Now that we are living in a world where distancing no longer means being aloof from people but instead signifies a vital factor for survival, people are exploring new ways to connect beyond physical interactions. 

Without hugs, kisses, or even hand shakes, the physical world can be no different to how we are from virtual realities—ever present but distant at the same time. But even with simple words, a digital greeting can mean so much to others.

That’s what Maison Métisse’s social bags are for: To bring a light of positivity through words that are essential in making a connection, even beyond the digital realm. Because sometimes, a “kamusta” is all we need to get through the day.

These social totes bearing greetings such as kamusta, bonjour, and hola are handwoven with tikog and buri leaves by Filipino artisans using the banig technique, a centuries-old tradition. These bags are part of the maison’s newest collection “Le Savoir-Faire,” which also presents heritage weaving techniques and hand dyed textiles.

Led by fashion designer Adrienne Charuel, Maison Métisse, hailed from the French word meaning a woman of mixed ancestry, is dedicated to showcase honest and ethical fashion this season, mixing traditions with modern lifestyle.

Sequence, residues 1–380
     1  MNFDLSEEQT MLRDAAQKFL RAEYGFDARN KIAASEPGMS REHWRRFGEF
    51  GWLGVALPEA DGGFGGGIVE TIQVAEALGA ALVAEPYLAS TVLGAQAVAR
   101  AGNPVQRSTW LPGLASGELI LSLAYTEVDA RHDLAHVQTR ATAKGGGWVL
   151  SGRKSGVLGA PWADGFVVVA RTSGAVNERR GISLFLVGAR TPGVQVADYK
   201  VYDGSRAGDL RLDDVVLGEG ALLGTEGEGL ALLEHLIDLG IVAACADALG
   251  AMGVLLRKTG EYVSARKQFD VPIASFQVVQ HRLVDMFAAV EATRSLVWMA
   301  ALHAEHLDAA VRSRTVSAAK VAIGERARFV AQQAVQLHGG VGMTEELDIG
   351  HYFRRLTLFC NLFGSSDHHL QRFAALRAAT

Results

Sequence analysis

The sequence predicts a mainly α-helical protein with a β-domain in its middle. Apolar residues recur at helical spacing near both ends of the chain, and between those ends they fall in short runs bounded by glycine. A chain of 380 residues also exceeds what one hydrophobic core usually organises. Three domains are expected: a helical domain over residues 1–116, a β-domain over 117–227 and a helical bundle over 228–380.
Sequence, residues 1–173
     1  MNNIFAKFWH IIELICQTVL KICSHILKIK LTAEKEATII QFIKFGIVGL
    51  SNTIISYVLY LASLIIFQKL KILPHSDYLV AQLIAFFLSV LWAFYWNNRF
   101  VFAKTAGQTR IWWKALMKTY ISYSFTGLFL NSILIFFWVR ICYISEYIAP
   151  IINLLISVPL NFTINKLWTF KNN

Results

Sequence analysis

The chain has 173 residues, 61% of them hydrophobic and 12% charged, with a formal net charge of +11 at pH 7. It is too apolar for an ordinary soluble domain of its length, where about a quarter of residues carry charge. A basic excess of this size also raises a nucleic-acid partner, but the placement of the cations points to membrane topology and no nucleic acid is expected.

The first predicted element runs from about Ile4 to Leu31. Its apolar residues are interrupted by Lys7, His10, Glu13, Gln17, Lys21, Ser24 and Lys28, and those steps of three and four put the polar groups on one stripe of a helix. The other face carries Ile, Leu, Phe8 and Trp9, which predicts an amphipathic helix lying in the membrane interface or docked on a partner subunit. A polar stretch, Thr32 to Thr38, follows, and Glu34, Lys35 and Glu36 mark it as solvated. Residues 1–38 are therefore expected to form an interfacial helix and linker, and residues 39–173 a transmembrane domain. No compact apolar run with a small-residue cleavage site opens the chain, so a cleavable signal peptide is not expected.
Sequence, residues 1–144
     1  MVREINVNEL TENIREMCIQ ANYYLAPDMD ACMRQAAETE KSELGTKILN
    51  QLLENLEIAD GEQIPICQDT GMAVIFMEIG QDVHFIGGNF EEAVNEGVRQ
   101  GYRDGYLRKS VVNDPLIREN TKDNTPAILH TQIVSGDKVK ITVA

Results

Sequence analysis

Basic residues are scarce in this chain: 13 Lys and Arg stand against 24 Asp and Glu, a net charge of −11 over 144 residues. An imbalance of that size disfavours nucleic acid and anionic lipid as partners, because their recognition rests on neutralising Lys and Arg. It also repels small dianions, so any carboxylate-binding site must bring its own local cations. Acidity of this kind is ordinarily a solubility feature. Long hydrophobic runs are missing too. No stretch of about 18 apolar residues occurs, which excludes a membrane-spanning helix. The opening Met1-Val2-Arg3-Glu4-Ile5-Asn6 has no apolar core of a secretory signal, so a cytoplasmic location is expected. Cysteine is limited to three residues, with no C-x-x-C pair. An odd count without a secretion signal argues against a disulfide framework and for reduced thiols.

According to Adrienne, the collection features “sugarcane fabric, pineapple cotton blend, pure cotton, and pure handwoven silk, all made with sustainable fibers produced in the Philippine island.”

The brand envisions holiday dressing with relaxed silhouettes painted with earthy tones of nude, tangerine, blush, grey, and indigo featuring the Shibori hand dyeing techniques and the sacred hand embroidery by the Philippine Itneg Tribe which symbolizes a good harvest from honest hard work.

Check out more of Maison Métisse’s social tote bags and the “Le Savoir-Faire” on its website and @maison.metisse on Instagram. See the collection in person in its boutique pop-up at Power Plant Mall, Rockwell, Makati City.

Source: Manila Bulletin (